Restaurants and the Pandemic: Are Food Delivery Apps a Blessing or a Burden?


Photo by Jon Tyson on Unsplash. A food delivery sits on a doorstep.

Kate Whitcomb, Editorial Board

Apps like GrubHub, Postmates, UberEats, and DoorDash have been on the rise ever since their founding, but last year they produced record-breaking numbers due to the Coronavirus Pandemic. Doordash alone doubled in users from 10 to 20 million. With everyone at home, restaurants have relied on these delivery apps to stay in business. Although many people think these apps have helped the food scene survive during the pandemic, I wanted to talk with the workers and management of local Oregonian restaurants to get a complete picture on their overall impact amidst Covid-19. 

Profit margins in the restaurant industry have always been notoriously low, but Covid-19 has caused percentages to lower. Grace Saxton, an MHS student who works at Baskin-Robbins, explained “The pandemic has doubtlessly caused a decrease in sales and the flow of customers is more of a trickle than a flow at all.” The shop has been wildly inconsistent. “There are many nights when only a few customers come in at all, and some [nights] when sales are as they were before the pandemic.” Due to the lack of predictability, sometimes things are harder to accomplish. Grace said that one upside to delivery apps is that they help encourage ease and efficiency. “The entire order is directly in front of me while I prepare it.” she said. Since the orders are handled externally, the payment system is also much faster. The only downside she mentioned was that some of the items listed online are not offered at her specific location. “It becomes difficult when items that are on the menu provided by the app aren’t carried in the restaurant.” 

I interviewed more students to gauge their opinion on the effect of these delivery apps, leaving mixed responses. Jacey Wilson, a student at Westview who works at Chipotle, explained “I definitely think it brings in a lot of business for the restaurant. The drivers themselves are often extremely impatient, but some of them are regulars in a way. We see some of them so often that we have relationships with them.” Even with their help, however, the pandemic has made things more difficult to manage at her restaurant’s location. “Many more customers will choose to order online… we’ve had nights where there are 400 items due in a span of 45 minutes. That’s impossible to produce and most people get really angry. So even if we don’t have as many in-person customers, we are flooded with online orders…” 

Another student, Liam Martin, who works at Joe’s Burgers, explained they had lost business. “It’s definitely slower because we removed all of our tables except the outside ones, and it’s freezing outside so no one really does that option anymore.” The inside practices haven’t changed as much as you might expect, according to Liam. Since restaurants normally take cleanliness very seriously, they’ve only added a few extra actions that haven’t been challenging to accomplish. “We just have to wash our hands more and separate clean pens from dirty pens. We clean them by spraying them with an alcohol-based cleanser.” Lastly, he told me that working with food delivery apps has made online orders much easier. “All we have to do is type in the order and give the food when they arrive”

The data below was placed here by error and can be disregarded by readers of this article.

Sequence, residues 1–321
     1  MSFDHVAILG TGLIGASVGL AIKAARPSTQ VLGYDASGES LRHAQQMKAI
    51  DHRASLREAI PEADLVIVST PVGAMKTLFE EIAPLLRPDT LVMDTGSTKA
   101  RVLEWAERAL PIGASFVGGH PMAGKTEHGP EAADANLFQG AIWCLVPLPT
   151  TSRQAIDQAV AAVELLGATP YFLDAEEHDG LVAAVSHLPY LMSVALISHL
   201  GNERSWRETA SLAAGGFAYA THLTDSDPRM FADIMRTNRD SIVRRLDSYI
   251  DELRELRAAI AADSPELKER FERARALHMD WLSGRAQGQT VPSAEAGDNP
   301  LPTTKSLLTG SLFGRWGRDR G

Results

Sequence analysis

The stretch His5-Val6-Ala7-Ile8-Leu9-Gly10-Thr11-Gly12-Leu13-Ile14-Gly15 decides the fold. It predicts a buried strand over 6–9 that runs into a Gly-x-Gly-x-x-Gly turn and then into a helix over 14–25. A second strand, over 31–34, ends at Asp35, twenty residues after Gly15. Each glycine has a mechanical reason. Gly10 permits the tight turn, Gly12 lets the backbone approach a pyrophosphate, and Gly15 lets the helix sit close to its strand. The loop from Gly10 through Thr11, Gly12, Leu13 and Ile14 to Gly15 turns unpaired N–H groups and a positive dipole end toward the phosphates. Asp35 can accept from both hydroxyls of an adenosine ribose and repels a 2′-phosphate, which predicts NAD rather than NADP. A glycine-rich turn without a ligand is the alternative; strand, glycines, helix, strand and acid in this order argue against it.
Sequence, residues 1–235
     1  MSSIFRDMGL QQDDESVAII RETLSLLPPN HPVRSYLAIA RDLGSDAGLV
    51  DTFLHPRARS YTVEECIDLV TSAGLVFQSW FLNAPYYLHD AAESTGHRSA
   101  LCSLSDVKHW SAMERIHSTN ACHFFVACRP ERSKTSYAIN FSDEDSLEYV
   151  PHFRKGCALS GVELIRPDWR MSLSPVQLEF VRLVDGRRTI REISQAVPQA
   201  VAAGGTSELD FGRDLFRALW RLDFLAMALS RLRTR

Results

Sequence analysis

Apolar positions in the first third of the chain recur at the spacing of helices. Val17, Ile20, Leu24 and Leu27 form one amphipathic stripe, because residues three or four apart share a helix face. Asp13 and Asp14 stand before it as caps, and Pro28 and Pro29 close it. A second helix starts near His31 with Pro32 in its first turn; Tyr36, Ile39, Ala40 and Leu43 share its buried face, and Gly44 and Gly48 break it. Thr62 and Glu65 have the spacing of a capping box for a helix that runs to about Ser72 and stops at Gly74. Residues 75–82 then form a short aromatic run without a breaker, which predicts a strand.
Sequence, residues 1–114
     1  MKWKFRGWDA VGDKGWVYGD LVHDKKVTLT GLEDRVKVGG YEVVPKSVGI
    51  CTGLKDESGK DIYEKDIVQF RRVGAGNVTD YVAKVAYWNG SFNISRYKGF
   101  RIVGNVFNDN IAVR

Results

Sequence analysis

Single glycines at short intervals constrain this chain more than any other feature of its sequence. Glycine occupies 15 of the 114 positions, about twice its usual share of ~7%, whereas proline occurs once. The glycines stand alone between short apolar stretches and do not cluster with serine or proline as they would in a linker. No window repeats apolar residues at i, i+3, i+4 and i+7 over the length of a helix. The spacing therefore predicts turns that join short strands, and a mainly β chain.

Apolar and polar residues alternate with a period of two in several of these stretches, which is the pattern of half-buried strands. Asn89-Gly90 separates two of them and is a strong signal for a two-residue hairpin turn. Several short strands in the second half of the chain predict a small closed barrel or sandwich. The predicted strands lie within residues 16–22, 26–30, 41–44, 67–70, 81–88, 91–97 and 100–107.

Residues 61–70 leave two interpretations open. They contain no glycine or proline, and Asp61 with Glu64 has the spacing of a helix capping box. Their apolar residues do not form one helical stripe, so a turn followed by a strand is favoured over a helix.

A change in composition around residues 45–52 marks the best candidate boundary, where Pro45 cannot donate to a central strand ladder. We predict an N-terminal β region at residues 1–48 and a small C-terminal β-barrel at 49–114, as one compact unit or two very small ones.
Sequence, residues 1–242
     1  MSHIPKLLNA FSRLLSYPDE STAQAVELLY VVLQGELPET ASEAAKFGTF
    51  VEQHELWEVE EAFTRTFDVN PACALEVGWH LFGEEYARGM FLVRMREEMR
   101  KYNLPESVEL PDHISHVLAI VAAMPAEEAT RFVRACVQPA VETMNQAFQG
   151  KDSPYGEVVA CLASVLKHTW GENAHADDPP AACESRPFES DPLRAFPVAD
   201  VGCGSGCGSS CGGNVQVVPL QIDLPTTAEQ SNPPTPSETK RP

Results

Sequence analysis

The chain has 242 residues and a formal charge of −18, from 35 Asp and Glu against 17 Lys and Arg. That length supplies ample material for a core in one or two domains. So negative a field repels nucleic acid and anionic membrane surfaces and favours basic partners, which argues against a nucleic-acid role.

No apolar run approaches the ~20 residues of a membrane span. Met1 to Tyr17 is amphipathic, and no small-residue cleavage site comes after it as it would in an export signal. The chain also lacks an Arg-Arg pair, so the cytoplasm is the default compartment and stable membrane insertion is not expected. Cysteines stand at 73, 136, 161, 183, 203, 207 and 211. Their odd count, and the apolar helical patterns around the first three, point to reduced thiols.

The running theme from the students that I interviewed was that food delivery apps have done a lot to be extremely helpful, with some downsides involving management and communication. Another student at Mountainside who wished to remain anonymous repeated almost verbatim what Grace told me. They said that food delivery apps have luckily pushed a lot of business their way, and that partnering with the food delivery apps has helped with efficiency. The downside, they explained, was that oftentimes the drivers show up too early or too late, causing confusion. It seems that these highs and lows are a universal experience coming from teenage employees. 

Along with the students I interviewed, I was also able to speak with a manager from Little Big Burger, a popular restaurant chain in Oregon. He told me of the highs and lows while working during the pandemic. “For one, it gets me out of bed in the morning, and I’m thankful to still have a job.” Since Covid-19 hit the U.S., many people have been without jobs, unable to provide for themselves or their families. His feelings echoed that of many Americans. “The main downside is that I risk my life just by coming into work.” This has also been felt by many other essential workers who have not closed their doors because of Covid. In terms of added precautions, he explained “We’ve added plexiglass and there is no indoor seating. We also sanitize even more than we did before. Besides that, everything has stayed the same.”